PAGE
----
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QUESTION: Is Human Death Predestined?

The following question came to me recently via the Question Box on my congregation’s web site, http://www.Plymouth-church.com, where I have answered hundreds of questions over the past four years.

Are human deaths predestined by God? For example, is a baby who was aborted before it was born, or a passenger plane or a bus that had an accident and all the passengers die: does God predestine these        things?

This is a question that comes naturally from the sort of thinking that calls a natural disaster “an act of God.” While it is often true that God uses natural disasters for His purposes, and that sometimes He may even cause them, we can never say with certainty that God causes everything that happens. Could God prevent such disasters by intervening in the affairs of this world? Yes, He could – but would it be wise for Him to rescue us from the uncertainties of life?

For example, God could have prevented the recent oil spill in the Gulf of Mexico. Had He done so, however, we would have much less incentive to use safer drilling techniques that will protect the earth’s environment. The human race, like a teenager, needs to learn to anticipate consequences of its actions and take responsibility for them.

Why do we blame all evils on God? God is the source of life. Death, as the wages of sin, comes from the one whom sinners serve – not from God.

I know there is a popular, long-lived theology that says God, as the sovereign over all the universe, is in control and that nothing happens against His will. That is true, as long as we recognize that there are things God permits, but does not cause. God permitted Satan to afflict Job; He did not actively cause Job’s suffering. His permissive will allows us to do evil things – or stupid things – that have consequences, which we must suffer. That does not mean He actively causes those things to happen.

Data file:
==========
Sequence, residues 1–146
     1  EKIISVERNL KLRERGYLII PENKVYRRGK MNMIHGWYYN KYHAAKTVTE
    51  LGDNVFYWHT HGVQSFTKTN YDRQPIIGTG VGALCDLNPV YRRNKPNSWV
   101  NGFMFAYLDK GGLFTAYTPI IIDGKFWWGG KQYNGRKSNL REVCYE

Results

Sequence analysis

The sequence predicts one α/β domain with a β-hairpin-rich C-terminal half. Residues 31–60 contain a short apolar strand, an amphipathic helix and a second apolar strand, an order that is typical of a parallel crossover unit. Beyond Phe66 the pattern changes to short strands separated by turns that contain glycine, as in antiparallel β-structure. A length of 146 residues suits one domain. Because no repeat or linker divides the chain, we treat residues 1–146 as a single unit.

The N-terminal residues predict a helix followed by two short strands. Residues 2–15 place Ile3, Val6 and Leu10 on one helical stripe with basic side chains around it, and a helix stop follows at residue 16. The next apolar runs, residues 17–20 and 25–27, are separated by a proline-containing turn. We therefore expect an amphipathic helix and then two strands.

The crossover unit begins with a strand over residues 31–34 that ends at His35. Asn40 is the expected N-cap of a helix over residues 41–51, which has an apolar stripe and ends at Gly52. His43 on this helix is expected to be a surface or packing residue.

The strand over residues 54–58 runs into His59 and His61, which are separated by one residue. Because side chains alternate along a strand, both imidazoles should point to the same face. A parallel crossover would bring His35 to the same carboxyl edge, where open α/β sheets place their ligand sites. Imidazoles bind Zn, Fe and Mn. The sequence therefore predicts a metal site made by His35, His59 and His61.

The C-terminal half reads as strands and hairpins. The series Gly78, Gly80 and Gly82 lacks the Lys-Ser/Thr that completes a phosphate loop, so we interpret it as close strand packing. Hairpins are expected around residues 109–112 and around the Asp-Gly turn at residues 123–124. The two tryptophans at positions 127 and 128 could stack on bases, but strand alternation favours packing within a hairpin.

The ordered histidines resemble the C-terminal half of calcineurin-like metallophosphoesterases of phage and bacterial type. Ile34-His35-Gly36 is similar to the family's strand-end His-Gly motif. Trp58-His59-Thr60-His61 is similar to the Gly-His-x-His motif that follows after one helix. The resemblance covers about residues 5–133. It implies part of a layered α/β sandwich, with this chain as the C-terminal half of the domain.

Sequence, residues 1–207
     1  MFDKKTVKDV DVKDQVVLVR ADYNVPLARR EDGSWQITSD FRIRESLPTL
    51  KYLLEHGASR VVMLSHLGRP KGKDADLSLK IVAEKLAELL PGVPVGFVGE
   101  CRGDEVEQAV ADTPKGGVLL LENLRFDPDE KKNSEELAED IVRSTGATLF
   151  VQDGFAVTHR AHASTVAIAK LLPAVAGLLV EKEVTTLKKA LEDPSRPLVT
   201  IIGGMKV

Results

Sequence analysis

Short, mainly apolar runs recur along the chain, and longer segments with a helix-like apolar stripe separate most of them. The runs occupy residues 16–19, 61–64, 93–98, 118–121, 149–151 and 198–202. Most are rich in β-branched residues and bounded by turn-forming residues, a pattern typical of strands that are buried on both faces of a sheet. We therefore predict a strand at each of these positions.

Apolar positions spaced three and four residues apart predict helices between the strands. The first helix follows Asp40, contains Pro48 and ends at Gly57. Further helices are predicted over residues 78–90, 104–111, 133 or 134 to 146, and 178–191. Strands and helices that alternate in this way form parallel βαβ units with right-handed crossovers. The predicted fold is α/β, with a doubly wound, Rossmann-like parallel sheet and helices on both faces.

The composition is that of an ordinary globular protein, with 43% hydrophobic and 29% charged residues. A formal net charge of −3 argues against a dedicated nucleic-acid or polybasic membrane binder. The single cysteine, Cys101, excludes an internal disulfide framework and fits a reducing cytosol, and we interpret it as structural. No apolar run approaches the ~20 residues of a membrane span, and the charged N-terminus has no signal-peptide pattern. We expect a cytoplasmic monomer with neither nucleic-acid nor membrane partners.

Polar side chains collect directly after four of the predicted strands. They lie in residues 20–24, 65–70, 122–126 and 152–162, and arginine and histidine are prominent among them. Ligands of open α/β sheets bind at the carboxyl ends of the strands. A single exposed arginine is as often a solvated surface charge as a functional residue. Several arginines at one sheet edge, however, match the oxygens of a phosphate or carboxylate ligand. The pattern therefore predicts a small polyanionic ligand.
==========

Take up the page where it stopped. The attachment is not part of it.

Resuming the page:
While He at times does intervene in the course of events to cause certain outcomes, He does not do so constantly.

Would God will the abortion of a baby before it is born? Is death “God’s will,” as many well-meaning “comforters” have assure countless mourners at funerals for probably hundreds of years? Paul spoke of death as an enemy that must be overcome.

[Christ] must reign until He has put all His enemies under His feet. The last enemy to be destroyed is death. – 1 Corinthians 15:25-26

If God causes death, He is doing exactly what Jesus said Satan would not do: fight against Himself. When some accused Jesus of casting out demons by the power of the Devil, He responded:

How can Satan drive out Satan? If a kingdom is divided against itself, that kingdom cannot stand. If a house is divided against itself, that house cannot stand. And if Satan opposes himself and is divided, he cannot stand; his end has come. – Mark 3:23b-26

Again, let me repeat that there is a permissive will of God and the active will of God. God’s active will is expressed by Peter:

The Lord is not slow in keeping His promise, as some understand slowness. He is patient with you, not wanting anyone to perish, but everyone to come to repentance. – 2 Peter 3:9

What does God actively desire? What is His active will? It is that all repent so they will not perish. Will all repent? No, they will not. Jesus spoke of a broad road leading to destruction that many follow (Matthew 7:13-14). This is contrary to God’s desire, however. It is not what He wills for us. In fact, His desire for our salvation is so great that because of His love for us He sent His Son to die for us so that we might not perish, if we will believe in Him (see John 3:16).

Why does God not intervene and cause us all to repent and believe so we will not perish?